Youth, Gender and the Georgian Labour Market

images.jpegIt is a well-known fact that different groups fare differently on the labour market. In this post I analyse the labour market situation of Georgian youth (age group 15-29). The analysis was made in the framework of the School-to-Work transition study in Georgia commissioned by the European Training Foundation. Final report will be available online in 2018, meanwhile I wanted to share one interesting finding that struck me most:

Boys with vocational education have better Labour Market indicators (higher activity and employment rates and almost similar unemployment rates) compared to boys with higher education. On the opposite, girls reap stronger benefits from higher education: girls with higher education have higher activity and employment rates and significantly lower unemployment rate compared to girls with vocational education.

Still interested? Let’s dig in little deeper: national household data shows that there is a clear gender misbalance on Georgian labour market: women are generally less economically active (58%) compared to men (78.2%) and their employment rates (52.9%) are lower than that of men (67.1%). However, Table 1 also shows that when women are economically active their chances of finding jobs are higher. This is indicated by lower unemployment rates among women (8.8%) compared to men (14.2%). This trend remains unaltered throughout 2010-2016.

Table 1: Labour market (Total for the age group 15+)Screen Shot 2017-10-12 at 18.38.52.pngSource: National Statistics Office of Georgia

Zooming into the younger section of population, the pattern of main labour market indicators predominantly remains the same. Young women in Georgia in general are less economically active than young men. Activity rates by levels of education show an interesting picture though. It is clear that more education they get more active they become (as one would expect). It should be noted though that girls with higher education have 16% higher activity rate than girls with vocational education. On the contrary, boys with higher education actually have lower (6.1% lower) activity rate compared to boys with vocational education. The employment and unemployment indicators discussed later are in sync with this finding.

Table 2: Youth activity rate by education levels (age group 15-29)

Screen Shot 2017-10-12 at 18.41.01.png

Source: Author’s calculation based on data from the National Statistics Office of Georgia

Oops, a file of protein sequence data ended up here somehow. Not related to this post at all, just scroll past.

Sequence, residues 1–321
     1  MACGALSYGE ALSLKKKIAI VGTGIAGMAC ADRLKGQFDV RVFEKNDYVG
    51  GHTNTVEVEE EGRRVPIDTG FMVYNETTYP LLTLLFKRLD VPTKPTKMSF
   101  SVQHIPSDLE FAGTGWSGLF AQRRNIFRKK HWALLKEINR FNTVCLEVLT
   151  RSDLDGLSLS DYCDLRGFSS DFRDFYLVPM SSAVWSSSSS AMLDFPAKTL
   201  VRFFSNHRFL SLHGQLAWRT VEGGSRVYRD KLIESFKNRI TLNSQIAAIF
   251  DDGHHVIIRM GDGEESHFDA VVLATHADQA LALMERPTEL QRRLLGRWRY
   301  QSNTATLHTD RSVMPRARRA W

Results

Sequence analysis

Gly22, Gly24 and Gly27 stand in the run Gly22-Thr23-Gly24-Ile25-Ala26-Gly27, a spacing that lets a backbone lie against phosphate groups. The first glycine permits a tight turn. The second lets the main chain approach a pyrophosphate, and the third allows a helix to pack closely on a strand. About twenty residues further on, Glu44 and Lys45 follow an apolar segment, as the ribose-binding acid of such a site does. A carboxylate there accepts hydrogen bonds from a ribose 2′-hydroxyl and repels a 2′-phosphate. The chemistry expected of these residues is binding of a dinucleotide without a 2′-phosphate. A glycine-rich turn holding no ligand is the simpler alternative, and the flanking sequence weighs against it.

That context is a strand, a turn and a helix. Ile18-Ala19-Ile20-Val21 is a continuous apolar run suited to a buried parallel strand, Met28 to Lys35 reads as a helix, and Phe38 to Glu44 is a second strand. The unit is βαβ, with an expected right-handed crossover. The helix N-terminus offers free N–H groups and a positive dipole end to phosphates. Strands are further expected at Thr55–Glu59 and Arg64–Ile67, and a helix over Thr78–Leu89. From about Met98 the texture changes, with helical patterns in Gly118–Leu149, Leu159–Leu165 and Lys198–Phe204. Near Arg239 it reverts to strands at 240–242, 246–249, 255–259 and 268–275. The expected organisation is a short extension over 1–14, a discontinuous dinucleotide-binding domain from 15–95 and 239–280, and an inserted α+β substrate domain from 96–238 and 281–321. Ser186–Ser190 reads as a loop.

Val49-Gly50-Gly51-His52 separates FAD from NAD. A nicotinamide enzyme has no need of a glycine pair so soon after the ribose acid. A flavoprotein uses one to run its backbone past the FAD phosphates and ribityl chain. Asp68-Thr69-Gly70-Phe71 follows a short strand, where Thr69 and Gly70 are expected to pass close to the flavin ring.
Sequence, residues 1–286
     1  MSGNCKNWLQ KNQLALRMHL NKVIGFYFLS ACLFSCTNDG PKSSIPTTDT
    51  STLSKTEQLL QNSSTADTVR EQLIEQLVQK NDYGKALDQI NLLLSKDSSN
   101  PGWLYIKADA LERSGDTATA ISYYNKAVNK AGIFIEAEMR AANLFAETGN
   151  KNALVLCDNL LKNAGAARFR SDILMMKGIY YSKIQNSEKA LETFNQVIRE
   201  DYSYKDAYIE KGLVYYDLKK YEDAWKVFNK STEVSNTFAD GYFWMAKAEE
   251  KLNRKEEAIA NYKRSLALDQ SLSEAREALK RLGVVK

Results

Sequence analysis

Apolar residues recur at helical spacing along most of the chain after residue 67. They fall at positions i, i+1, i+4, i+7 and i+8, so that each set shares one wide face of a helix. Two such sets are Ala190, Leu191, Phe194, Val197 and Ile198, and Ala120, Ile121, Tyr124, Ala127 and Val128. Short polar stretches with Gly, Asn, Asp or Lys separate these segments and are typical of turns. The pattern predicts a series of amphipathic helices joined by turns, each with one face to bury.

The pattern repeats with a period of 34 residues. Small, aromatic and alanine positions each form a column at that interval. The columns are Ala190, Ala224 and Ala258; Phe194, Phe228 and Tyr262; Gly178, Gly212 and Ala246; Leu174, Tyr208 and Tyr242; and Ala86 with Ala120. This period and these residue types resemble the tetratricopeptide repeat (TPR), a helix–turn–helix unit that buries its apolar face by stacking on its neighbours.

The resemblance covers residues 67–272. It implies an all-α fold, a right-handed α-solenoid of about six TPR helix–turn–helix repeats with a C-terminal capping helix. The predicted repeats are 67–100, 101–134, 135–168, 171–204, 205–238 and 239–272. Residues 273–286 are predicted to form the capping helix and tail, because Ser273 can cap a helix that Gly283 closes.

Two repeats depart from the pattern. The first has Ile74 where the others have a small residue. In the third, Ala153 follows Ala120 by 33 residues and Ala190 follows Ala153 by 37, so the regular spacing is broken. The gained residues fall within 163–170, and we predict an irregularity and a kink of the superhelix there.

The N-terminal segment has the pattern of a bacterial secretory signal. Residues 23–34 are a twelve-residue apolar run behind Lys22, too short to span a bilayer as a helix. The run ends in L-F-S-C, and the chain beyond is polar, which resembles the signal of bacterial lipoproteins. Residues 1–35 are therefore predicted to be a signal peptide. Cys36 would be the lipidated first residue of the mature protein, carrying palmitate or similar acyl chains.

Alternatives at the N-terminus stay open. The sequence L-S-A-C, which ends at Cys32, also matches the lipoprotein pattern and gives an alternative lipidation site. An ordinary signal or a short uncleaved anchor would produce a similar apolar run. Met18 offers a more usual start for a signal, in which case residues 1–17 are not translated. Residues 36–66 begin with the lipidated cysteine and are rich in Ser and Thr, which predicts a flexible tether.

Young men have higher employment rate than young women (table 3) – again same trend as in general population. However, it is interesting to note that the gender disparity in employment rates is much more pronounced among youth than among the general population: across the three years of comparison young men have on average 20% higher employment rates compared to young women, while this difference is on average 15% among the total population. So, gender misbalance in terms of employment is particularly harsh in younger ages, while in adult years the gap seems to narrow down a bit.

Youth employment rates also tend to increase by the level of education with higher education having the strongest positive impact (again as expected). However, there is an interesting trend regarding vocational education. If you look at the figures highlighted in bold on Table 3, it becomes obvious that compared to medium vocational education higher education significantly increases employment rates for young females, while the effect is smaller in case of young men. Even more so, in 2016 employment rate of highly educated young males was actually lower (65.9%) compared to boys with medium vocational education (68.6%). In other words, it seems that boys make the most out of vocational education, while girls do the same with higher education.

Table 3: Youth employment rate by education levels (age group 15-29)

Screen Shot 2017-10-12 at 18.41.47.pngSource: Author’s calculation based on data from the National Statistics Office of Georgia

As for the unemployment rates among men and women, it has a similar pattern among youth compared to general population. The unemployment rate has been higher among young men compared to women in 2016 (21.2% for women and 28% for men). The most interesting part here is that unemployment rates do not really differ much in case of young males in different education groups. While for young females higher education significantly decreases the risk of unemployment.

Table 4: Youth unemployment rate by education levels

Screen Shot 2017-10-12 at 18.42.24.png

Source: Author’s calculation based on data from the National Statistics Office of Georgia

Obviously, I’m just scratching the surface here and deeper analysis is needed to find out what’s really going on. However, one thing is clear: either the educational system provides different incentives to young boys and girls or it could be that Georgian girls are much more persistent and ambitious once they manage to break out from the “economic inactivity trap”.

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